Humans have long-considered dogs to be man’s best friend. They’re loyal companions perfect for taking on a hike or snuggling on the couch.
However, dogs also have their limits, which is what often causes them to bite or snap. Dog bites are common, though most go unreported, especially if they do not cause serious injury.
Let’s look at the reasons why dogs bite, and some steps you can take to prevent dog-biting accidents.
Why Do Dogs Bite?
Dogs can bite for any number of reasons. However, there are a few that are more common. In many cases, the causes are easily avoidable. Specifically, you want to look out for signs of:
- Hunger or thirst
- Shock or surprise
Not all dogs will bite when confronted with these emotions or situations. However, instinct often causes dogs to act out in surprising or aggressive ways. So, the best way to prevent dog bites is to understand why they bite in the first place. Then, you can learn what you can do to avoid it.
Many dogs have a naturally protective nature. In addition, some dog owners purchase dogs trained strictly for personal protection. In either case, it should be no surprise if your dog bites someone they perceive as a threat, even if that person is you.
In addition to protecting their owners, dogs will often resource guard. Resource guarding is when a dog guards its food, toys, or other objects. In some cases, they might resource guard their owners or family members. If a person or other animal gets too close, the dog will snap at that person, delivering a nasty bite.
Fear is one of the most common reasons a dog will bite. Fear can stem from past experiences and will often lead to a dog becoming so overwhelmed they lash out to create distance between itself and the thing scaring them. It’s an innate response that can be difficult to overcome.
Sadly, aggression due to fear is common with animals who’ve suffered abuse or neglect. Fear of isolation, pain, or a person can cause a dog to become so fearful it bites anyone who comes near. Unfortunately, the threat doesn’t have to be real for the dog to show signs of fear, making this trigger tough to avoid.
There’s little more dangerous than an injured animal. As with resource guarding and fear, a dog in pain will do anything to prevent further injury. An injury or illness can cause your dog stress or anxiety, leading to a similar reaction to fear.
Pain is usually a temporary trigger. It could be something as simple as a splinter in the paw or as complex as kidney disease. Your dog’s reaction will depend largely on its pain tolerance. However, in any case, you should always seek treatment if you think your dog is hurt.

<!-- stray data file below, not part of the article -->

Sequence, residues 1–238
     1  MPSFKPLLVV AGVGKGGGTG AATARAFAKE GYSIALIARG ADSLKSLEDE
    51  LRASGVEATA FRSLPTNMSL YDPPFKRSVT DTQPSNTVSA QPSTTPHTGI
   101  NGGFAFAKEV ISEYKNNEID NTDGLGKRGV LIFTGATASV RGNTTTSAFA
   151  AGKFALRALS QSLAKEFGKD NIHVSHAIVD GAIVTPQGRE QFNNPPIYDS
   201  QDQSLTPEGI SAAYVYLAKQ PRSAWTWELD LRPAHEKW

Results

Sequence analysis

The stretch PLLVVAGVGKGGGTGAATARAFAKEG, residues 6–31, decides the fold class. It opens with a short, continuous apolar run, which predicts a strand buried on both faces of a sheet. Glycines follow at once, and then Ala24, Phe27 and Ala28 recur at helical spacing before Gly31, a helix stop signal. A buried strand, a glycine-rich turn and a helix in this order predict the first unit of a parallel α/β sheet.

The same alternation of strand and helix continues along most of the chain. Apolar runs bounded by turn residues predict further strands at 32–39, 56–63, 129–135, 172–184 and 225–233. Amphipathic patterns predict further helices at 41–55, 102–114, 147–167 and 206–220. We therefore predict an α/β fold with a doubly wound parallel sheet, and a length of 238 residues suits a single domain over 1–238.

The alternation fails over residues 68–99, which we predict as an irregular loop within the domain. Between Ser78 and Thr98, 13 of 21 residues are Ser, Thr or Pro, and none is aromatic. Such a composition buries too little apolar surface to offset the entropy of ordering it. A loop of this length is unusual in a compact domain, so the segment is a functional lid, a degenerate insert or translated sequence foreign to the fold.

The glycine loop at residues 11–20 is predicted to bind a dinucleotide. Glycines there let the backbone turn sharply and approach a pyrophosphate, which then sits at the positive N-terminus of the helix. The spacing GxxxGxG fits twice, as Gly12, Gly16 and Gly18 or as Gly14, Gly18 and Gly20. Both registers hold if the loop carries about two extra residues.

Hunger or Thirst
Just as humans tend to get a bit grumpy when they’re hungry, so do dogs. The main difference is that when a dog is starving, it can and will become violent. To a dog, starvation or severe hunger is similar to an injury. That being the case, they’ll lash out at anyone near them in an attempt to protect themselves from further harm.
Starvation will often cause dogs to resource guard, adding another layer to your dog’s bite risk. In addition, severe cases of starvation can lead to illnesses or diseases that cause further pain for a dog. This combination of sickness and hunger can lead to a highly volatile and aggressive dog.
Dogs with a genetic predisposition for aggressive behavior are highly prone to biting. However, aggressive dogs aren’t necessarily poorly behaved. Many are doing what their DNA tells them to or, in the cases of poor training, appeasing their owners. Many believe that certain certain breeds have a more aggressive nature, thought that is a controversial issue and there is much literature to dispute that claim.
While many dogs of breeds commonly (and often unfairly) considered “aggressive” are well behaved and don’t pose a bite risk, it is more likely that a larger breed with greater bite force will cause worse injury if they do in fact bite someone.
Dogs who bite out of aggression might bark or growl often, lunge toward fences, or hyperfocus on people or animals nearby. You should consider rigorous training with a professional if your dog displays any of this behavior. Engaging with a dog that is behaviorally volatile will often lead to injury, so you should nip it in the bud if you can.
Another reason a dog might bite is if it gets startled. A loud noise, unexpected touch, or rowdy children can cause a dog to react aggressively to its instincts. However, in most cases, a dog biting in response to being startled is not a genuinely aggressive action. Instead, it tends to be out of shock, similar to when a human might accidentally hit someone who scared them.
However, when a dog feels startled, they might mistake the feeling for fear. Since fear is such a massive trigger for dogs, it shouldn’t be surprising to see a similar response when they’re startled. It’s essential to watch out for this type of reaction if your dog has a high prey drive. When a dog is focused on prey, the sound of footsteps might be all it takes to trigger a bite.